June 2015

Pet of the Month: 
Barney Williams

Barney, a 4 Year 7 Month Old Male Persian, first started coming to the Smart Clinic in January this year with a history of partial faecal incontinence of several months duration.

At his first appointment his owner reported that he would deposit small nuggets of formed faeces around the house in addition to what he deposited in his litter tray. His use of the litter tray had not changed and neither had he started to spray or mark around the house. There was no history of any recent physical trauma such as a tail traction injury and his social group was stable with no identifiable stressors in the home environment that could coincide with the onset of this behaviour. His owners reported that his urinary continence was unaffected.

On questioning his owner further during this first visit it did appear that Barney had a very sedentary life and was reluctant to walk or play in the house and rarely went out. They had also noticed that he had become less inclined to jump and often appeared “clumsy”. They also reported that he had become very resistant to grooming and being handled around his lower back region.

On examination during his first consultation Barney appeared to ambulate normally and adopted a normal tail carriage. He did not mind manipulation of his tail and its innervation appeared normal. Anal sphincter tone also appeared normal as did perineal sensation. Only slight discomfort could be detected in certain areas surrounding the hind limbs during examination although hind limb muscle mass and tone was extremely poor and Barney did appear to struggle to remain standing for any significant period of time.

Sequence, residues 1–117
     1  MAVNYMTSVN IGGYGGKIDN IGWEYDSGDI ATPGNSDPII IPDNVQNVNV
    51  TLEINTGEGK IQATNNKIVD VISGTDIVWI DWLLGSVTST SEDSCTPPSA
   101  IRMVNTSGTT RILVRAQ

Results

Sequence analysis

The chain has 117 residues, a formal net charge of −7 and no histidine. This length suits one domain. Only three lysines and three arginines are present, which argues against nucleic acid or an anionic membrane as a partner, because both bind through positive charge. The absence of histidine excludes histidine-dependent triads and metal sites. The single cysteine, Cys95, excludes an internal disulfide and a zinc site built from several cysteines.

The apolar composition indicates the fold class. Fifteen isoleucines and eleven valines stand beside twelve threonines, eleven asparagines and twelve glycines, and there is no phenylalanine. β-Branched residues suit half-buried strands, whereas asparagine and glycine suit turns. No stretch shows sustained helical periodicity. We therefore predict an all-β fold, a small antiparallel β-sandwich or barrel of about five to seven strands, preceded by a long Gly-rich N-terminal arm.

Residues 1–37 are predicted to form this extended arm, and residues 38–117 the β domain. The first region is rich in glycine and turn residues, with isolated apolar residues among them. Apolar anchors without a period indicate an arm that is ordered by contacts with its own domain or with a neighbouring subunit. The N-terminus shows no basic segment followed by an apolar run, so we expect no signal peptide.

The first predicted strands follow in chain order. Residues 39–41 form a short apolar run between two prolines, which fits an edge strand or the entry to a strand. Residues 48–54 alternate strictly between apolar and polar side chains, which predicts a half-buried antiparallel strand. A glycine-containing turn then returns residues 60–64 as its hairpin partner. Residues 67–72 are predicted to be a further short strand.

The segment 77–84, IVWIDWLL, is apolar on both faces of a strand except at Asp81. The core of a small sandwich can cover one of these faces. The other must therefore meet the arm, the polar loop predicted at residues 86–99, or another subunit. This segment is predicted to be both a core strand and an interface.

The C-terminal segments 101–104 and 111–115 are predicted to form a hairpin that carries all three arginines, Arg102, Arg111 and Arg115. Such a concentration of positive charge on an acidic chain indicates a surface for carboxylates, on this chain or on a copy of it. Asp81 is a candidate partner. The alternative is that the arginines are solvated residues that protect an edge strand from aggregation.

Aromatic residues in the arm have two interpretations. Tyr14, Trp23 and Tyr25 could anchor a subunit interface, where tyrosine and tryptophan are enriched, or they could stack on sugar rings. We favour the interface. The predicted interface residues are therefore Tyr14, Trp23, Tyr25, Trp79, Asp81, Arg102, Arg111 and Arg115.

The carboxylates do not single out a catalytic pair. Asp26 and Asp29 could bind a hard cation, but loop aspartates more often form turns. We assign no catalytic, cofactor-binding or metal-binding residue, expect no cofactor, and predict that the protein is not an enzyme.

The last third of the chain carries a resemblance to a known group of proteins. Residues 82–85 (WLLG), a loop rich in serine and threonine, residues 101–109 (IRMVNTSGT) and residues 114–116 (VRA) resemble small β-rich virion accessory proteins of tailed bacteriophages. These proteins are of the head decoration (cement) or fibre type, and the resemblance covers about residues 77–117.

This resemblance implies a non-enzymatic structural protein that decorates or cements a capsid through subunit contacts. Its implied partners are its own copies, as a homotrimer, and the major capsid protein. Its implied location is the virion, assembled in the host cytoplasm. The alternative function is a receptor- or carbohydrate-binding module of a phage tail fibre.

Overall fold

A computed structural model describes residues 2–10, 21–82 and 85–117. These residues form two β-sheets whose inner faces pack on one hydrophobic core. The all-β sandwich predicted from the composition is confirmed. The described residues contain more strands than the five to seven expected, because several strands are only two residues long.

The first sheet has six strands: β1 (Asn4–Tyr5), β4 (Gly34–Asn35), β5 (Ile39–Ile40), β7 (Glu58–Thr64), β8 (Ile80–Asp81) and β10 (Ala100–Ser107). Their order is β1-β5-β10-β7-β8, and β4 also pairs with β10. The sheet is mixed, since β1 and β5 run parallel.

From this initial examination it was thought that, in the absence of any neurological deficits, the problem may be due to an inability to posture for sufficient time to complete the process of defacation. Alongside the very poor muscle development in his hind limbs and lack of activity this could in part account for the problem.

A rehabilitation programme was therefore started aiming to strengthen Barneys hind limbs and improve his mobility. This involved him coming to the clinic once a week for acupuncture and treadmill sessions.

Barney started to show improvements from the initial appointment. During the first two weeks of treatment, with work at home to develop his mobility and further improve both his posture and endurance, he was progressively more mobile and only demonstrated one episode of faecal incontinence. He was also much more tolerant of grooming and no longer reacted to being handled around his backend.

It wasn’t long before we were able to reduce the frequency of his visits to once a fortnight as Barney continued to improve. He was more mobile at home and had started to jump up on things like the bed and the sink, which had previously stopped. He only showed faecal incontinence twice during this period and at each visit his muscle mass in his hind limbs had improved and there was less muscular tension.

Now, Barney attends the clinic once every 3 months and is doing extremely well! Although he has never been keen during his exercise sessions in the clinic or at home, with lots of encouragement needed, he has really responded well to the treatments. There has been no dropping of faeces noted and he is jumping and playing well; often going outside exploring.

Barney is such a lovely cat and has always been a pleasure to see at the clinic, we are so pleased with how well he has done. It is not the usually type of case we see here at the clinic but we are so glad he has responded so well. Well done Barney smiley